Most of Zambia's big copper mines are majority-owned by foreign firms, with the government holding no more than a 14 percent stake in any one venture.
Zambia forecasts finished copper output to hit 670 000 t in 2007 from 515 000 t the previous year.
Africa's most toxic town
By Yvonne Ndege in Kabwe, Zambia
27th August 2007
Al Jazeera's Yvonne Ndege travelled to Kabwe, about 150km north of the capital, Lusaka, and filed this report.
Abandoned by industry in 1994, former workers still come to Kabwe in search of lead and other metals to sell, to scrape a living.
Alex, a father of four has been working here illegally for years. He thinks he already has lead poisoning and that, eventually, it will kill him.
"It's dangerous," he said. "But its just to help our family to survive." Mines in Kabwe were built and operated without health and safety concerns or environmental regulation. As a result, Zambia's people are now facing the consequences.
Families in the area have been warned not to drink water from wells in their garden.
The father one family, Chungu Julius, said that residents are forced to ignore the warnings because water is in short supply.
He said his daughter has memory loss - a symptom of lead poisoning.
"You will tell her to do something, just a short time, [but] she forgets," he said.
"[We] send her to the market to buy some food, [but] she will easily forget the type of food you have sent her to buy. This is when we came to know that lead was working in our children".
More than 100 people visit Kabwe's main clinic complaining of sickness every day, but the town has no facilities to test for lead poisoning.
Dr Sylvester Chaseta, who works at the Railway Clinic in Kabwe, said: "The worry is that if people are not aware of lead poisoning it means the problem will go unnoticed and that we will see people dying without knowing the major cause.
"We might think it is HIV, malaria or other things and you forget about the root cause of it all."
The people of Kabwe are only now starting to realise the potential impact that lead poisoning might have on their health.
The Zambian government has initiated a poster campaign to alert people to the dangers.
However, environmentalists have said it is not enough.
They have demanded that Anglo American, the former owner of Kabwe's mine, and the Zambian government give financial compensation.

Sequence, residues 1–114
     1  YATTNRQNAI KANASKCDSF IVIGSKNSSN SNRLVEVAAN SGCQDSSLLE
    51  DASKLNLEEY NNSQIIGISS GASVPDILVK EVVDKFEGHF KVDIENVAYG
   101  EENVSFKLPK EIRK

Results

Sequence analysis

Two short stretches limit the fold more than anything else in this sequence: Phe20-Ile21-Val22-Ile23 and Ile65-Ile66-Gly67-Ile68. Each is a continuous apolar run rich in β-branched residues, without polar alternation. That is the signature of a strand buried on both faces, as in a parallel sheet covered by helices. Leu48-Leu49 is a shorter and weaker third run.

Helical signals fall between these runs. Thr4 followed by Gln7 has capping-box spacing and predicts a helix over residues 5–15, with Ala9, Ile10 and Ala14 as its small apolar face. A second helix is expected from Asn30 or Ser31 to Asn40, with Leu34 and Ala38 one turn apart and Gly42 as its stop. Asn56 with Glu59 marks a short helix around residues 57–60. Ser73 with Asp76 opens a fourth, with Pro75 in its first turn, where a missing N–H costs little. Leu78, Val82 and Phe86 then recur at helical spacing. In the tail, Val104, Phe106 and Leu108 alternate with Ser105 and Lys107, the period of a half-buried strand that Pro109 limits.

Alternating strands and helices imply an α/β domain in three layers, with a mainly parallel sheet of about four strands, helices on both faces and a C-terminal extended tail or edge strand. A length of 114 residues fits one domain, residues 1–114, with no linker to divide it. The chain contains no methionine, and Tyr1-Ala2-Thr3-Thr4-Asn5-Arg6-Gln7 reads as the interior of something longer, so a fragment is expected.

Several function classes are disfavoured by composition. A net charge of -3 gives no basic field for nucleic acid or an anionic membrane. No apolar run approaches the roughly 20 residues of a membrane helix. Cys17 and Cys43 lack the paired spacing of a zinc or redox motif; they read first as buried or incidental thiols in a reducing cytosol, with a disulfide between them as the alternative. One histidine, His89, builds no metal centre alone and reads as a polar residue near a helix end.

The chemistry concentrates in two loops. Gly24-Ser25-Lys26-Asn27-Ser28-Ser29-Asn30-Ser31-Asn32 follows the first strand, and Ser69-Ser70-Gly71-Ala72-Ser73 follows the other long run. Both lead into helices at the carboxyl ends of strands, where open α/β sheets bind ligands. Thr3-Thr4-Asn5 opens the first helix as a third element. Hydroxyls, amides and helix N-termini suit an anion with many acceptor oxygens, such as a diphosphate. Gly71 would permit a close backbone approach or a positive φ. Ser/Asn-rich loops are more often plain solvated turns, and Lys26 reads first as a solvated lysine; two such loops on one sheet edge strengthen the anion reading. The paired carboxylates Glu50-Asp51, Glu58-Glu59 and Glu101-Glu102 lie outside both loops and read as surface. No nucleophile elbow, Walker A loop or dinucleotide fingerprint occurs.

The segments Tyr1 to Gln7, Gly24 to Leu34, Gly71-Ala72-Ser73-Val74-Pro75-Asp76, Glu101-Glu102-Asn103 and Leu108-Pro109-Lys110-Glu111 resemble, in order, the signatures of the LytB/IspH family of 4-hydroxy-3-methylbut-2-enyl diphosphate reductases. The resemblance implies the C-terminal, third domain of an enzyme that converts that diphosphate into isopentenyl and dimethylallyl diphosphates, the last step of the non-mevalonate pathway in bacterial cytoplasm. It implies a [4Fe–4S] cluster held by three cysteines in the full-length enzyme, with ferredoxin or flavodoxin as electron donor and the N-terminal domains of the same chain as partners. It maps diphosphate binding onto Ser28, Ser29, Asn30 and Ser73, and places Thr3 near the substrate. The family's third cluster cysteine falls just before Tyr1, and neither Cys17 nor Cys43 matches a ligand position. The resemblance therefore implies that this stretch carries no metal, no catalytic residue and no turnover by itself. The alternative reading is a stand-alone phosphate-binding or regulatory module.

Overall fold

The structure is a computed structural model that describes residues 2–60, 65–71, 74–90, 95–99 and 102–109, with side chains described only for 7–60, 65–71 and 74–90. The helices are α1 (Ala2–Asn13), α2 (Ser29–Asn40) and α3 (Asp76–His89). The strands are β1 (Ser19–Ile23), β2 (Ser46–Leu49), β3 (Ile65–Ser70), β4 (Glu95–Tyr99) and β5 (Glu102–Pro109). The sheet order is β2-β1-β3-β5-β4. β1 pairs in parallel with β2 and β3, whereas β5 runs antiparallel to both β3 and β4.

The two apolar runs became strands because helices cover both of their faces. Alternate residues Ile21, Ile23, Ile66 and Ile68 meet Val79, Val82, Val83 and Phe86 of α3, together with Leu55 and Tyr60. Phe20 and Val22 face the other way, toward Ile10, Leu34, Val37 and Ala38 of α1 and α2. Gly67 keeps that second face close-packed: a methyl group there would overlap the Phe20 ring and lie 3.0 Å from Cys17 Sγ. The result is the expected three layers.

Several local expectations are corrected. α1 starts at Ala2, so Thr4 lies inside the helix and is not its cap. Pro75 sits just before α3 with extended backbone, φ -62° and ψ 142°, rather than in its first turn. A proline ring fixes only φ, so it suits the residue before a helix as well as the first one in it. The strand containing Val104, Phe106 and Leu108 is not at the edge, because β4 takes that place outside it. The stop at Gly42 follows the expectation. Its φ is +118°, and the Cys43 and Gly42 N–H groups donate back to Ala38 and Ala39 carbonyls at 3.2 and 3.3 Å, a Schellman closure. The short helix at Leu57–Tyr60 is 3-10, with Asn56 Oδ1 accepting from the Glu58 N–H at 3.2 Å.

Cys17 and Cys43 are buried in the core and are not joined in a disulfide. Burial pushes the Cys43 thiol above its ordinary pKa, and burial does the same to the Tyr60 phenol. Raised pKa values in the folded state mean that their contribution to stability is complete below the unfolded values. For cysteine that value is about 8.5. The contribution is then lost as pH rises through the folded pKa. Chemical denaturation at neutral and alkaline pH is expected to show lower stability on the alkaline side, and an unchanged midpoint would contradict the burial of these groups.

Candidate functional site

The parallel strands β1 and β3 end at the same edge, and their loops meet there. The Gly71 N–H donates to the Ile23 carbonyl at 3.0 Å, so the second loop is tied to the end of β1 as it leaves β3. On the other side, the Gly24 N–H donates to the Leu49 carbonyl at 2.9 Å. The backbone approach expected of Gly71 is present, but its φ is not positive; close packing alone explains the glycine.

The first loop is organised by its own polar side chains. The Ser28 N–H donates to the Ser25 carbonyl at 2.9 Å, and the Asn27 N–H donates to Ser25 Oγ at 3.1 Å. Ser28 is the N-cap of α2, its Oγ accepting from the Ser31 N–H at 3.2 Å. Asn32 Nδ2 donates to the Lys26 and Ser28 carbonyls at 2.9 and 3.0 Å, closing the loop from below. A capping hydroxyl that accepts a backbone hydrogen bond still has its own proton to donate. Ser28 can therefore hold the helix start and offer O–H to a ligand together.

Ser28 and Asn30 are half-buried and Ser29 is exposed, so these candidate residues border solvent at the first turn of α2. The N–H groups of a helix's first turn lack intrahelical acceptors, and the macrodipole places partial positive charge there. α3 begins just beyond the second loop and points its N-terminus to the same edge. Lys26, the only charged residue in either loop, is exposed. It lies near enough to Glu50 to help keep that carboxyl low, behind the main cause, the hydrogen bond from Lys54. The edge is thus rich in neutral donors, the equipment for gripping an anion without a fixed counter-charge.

Peter Sinkamba, from Citizens for a Better Environment, in Zambia, said: "We need in the tune of $28m to adequately address the problem of Kabwe.
"But what is not correct, not morally correct, is for Anglo to run away from this problem which they created.
"They made their money from Kabwe where there is a huge, huge problem.'' *
* MAC Editorial note: The Kabwe lead and zinc operations were closed in 1994. They were controlled by ZCCM (Zambia Consolidated Copper Mines), then state-owned, but with Anglo American holding just over 27% of the equity. Following privatisation of ZCCM in March 2000, Anglo American, through its subsidiary ZCI, continued to hold investment in the Kabwe operations, as well as assuming control of Konkola Copper Mines (KCM). But, in January 2002, Anglo American essentially pulled out of the country; two years later KCM was taken over by Vedanta Resources plc.
At the end of 2002, a set of Environmental Management Plans were agreed for implementation between ZCCM-IH (International Holdings), the World Bank and Germany's GTZ (development agency) to try to cope with the vast legacy of environmental pollution in the Zambian Copperbelt (which also covered the Kabwe operations). The agreement stated that : "From an operational perspective, ZCCM-IH will be in perpetuity responsible for managing the environmental liabilities accrued during the years before privatization." Since ZCCM-IH is majority owned by the Zambian state, and Anglo American has no known involvement in it, prospects of bringing Anglo to book with regards to the calamity at the Kabwe seem very remote.